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QUADRATICS

Polynomials of the 2nd degree

Solving the quadratic equation by factoring


QUADRATIC IS ANOTHER NAME for a polynomial of the 2nd degree.  2 is the highest exponent.

1.  A polynomial function of the 2nd degree has what form?

y = ax² + bx + c

2.  A quadratic equation has what form?

ax² + bx + c = 0

3.  What do we mean by a root of a quadratic?

A solution to the quadratic equation.

4.  A quadratic always has how many roots?

Two, real or complex.

5.  The graph of a quadratic is always the form called -- ?

A parabola.

A parabola

6.  What are the three methods for solving a quadratic equation,
6.   that is, for finding the roots?

1.  Factoring.   2.  Completing the square.

3.  The quadratic formula.

We begin with the method of factoring.  In the next Topic, we will present Completing the square and The quadratic formula.  

7.  If a product of factors is 0 -- if ab = 0 -- then what can you
7.   conclude about the factors a, b ?

Either a = 0, or b = 0.

Example 1.   Solution by factoring.   f(x) = x² −2x −3.  Find the roots of f(x), and sketch the graph of y = f(x).

 Solution.   x² −2x −3 = (x + 1)(x − 3).

Therefore, the roots are −1 and 3. (See Lesson 37 of Algebra.)  These are the x-intercepts of the graph.

The y-intercept is the constant term, −3.

In every polynomial the y-intercept is the constant term, because the constant term is the value of y when x = 0.

Example 2.  A double root .   f(x) = x² −10x + 25.  Find the roots of
f(x), and sketch the graph of y = f(x).

 Solution.   x² −10x + 25 = (x − 5)(x − 5) = (x − 5)².  The two roots are equal, they are 5, 5.   5 is called a double root.  (See Lesson 37 of Algebra, Question 4.)

At a double root, the graph does not cross the x-axis. It just touches it.

A double root

A double root occurs when the quadratic is a perfect square trinomial:  x² ±2ax + a²; that is, when the quadratic is the square of a binomial:  (x ± a)².

Example 3.   How many real roots, i.e. roots that are real numbers, has the quadratic of each graph?

 Answer.   Graph a) has two real roots.  It has two x-intercepts.

Graph b) has no real roots.  It has no x-intercepts.  Both roots are complex.

Graph c) has two real roots.  But they are a double root.

Example 4.  Quadratic inequality.   Inspect this graph of

y = x² − 4x − 5

to solve this inequality:

x² − 4x − 5 < 0

 Solution.   For which values of x will that quadratic be negative?  That is, where is the graph below the x-axis?

The graph is negative between the roots, which are −1 and 5.  The solution to the inequality is  −1 < x < 5.

We can also observe that the quadratic will have positive values -- the graph will be above the x-axis -- to the left and right of the roots:

x < −1  or  x > 5.

While the quadratic will have the value 0 at the roots.

These three possibilities for any real number -- positive, negative, or 0 -- is called the Law of Trichotomy.

Problem 1.   Sketch the graph of  y = x² − 2x −8.  That is, show the x- and y-intercepts.

To see the answer, pass your mouse over the colored area.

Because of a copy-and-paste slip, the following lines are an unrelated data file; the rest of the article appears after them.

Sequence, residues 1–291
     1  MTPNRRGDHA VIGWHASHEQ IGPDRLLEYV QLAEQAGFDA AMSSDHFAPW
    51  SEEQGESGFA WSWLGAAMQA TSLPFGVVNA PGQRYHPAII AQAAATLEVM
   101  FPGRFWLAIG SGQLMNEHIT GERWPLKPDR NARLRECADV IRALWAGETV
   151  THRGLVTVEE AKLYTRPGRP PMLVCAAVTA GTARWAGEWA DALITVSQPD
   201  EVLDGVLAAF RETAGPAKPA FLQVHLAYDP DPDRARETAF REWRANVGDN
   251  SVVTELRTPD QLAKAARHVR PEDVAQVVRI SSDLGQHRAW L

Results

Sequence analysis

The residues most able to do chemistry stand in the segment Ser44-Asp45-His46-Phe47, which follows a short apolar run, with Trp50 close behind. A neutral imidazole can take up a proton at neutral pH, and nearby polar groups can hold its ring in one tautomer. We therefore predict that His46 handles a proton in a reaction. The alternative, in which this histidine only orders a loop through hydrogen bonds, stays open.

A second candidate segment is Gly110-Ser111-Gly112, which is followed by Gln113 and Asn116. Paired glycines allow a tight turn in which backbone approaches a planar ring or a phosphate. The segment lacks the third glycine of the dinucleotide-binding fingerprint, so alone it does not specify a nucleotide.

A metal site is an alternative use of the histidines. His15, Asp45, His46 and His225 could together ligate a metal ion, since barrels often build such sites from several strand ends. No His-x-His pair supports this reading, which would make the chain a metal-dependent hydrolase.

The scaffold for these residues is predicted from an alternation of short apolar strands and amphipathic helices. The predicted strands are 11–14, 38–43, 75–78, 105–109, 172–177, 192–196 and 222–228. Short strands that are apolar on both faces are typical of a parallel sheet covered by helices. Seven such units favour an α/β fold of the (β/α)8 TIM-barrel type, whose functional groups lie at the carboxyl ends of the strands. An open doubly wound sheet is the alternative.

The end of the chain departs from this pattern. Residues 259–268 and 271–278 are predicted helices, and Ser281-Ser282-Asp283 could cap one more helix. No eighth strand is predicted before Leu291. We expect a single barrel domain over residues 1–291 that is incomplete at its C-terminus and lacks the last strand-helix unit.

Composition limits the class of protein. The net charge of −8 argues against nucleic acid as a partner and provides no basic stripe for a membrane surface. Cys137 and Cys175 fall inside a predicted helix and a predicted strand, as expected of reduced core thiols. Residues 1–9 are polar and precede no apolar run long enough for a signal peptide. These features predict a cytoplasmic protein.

To cover the answer again, click "Refresh" ("Reload").

x² −2x − 8 = (x + 2)(x − 4). Therefore, the roots are −2, 4.  The y-intercept is the constant term, −8.

Problem 2.   Sketch the graph of  y = x² + 4x + 4.

x² + 4x + 4 = (x + 2)².  There is a double root at −2.  The y-intercept is the constant term, 4.

Problem 3.   Inspect the graph of  y = x² + 2x − 3 to solve this inequality:

x² + 2x − 3 > 0

The quadratic will be positive -- above the x-axis -- for values of x to the left and right of the roots. The solution is
x < −3  or  x > 1.

Problem 4.   A quadratic has the following roots.  Write each quadratic as a product of linear factors.

a)  3, 4   (x − 3)(x − 4)

b)  −3, −4   (x + 3)(x + 4)

c)  −r, s   (x + r)(xs)

d)  3 + , 3 −    (x − 3 − )(x −3 + )

The sum and product of the roots

Theorem.   In a quadratic whose leading coefficient is 1:

the sum of the roots is the negative of the coefficient of x;

the product of the roots is the constant term.

That is, if

x² + bx + c = 0,

and the roots are r and s, then

r + s  =  b,
 
rs  =  c.

For, if the roots are r and s, then the quadratic is

  (xr)(xs)  =  x² − rxsx + rs
 
   =  x² − (r + s)x + rs.

The coefficient of x is −(r + s), which is the negative of the sum of the roots.  The constant term is rs, which is their product.

Example 5.   Construct the quadratic whose roots are 2 and 3.

 Solution.   The sum of the roots is 5, their product is 6, therefore the quadratic is  x² − 5x + 6.

The sum of the roots is the negative of the coefficient of x.  The product of the roots is the constant term.

Example 6.   Construct the quadratic whose roots are 2 + ,  2 − .

 Solution.   The sum of the roots is 4.   Their product is the Difference of two squares:  2² − ()² = 4 − 3 = 1.

The quadratic therefore is  x² − 4x + 1.

Example 7.   Construct the quadratic whose roots are 2 + 3i,  2 − 3i, where i is the complex unit.

 Solution.   The sum of the roots is 4.   The product again is the Difference of Two Squares:  4 − 9i² = 4 + 9 = 13.

The quadratic with those roots is  x² − 4x + 13.

Problem 5.   Construct the quadratic whose roots are −3, 4.

The sum of the roots is 1.  Their product is −12.  Therefore, the quadratic is  x² − x − 12.

Problem 6.   Construct the quadratic whose roots are  3 + , 3 − .

The sum of the roots is 6.  Their product is 9 − 3 = 6.
Therefore, the quadratic is  x² − 6x + 6.

Problem 7.   Construct the quadratic whose roots are  2 + i,  2 − i.

The sum of the roots is 4.  Their product is 4 − (i)² = 4 + 5 = 9.
Therefore, the quadratic is  x² − 4x + 9.

*

More generally, for any coefficient of x², that is, if the quadratic is

ax² + bx + c,

and the roots are r and s, then

r + s  =   −  b
a
,
rs  =  c
a
.

When a = 1, we have the theorem above.

Next Topic:   Completing the square


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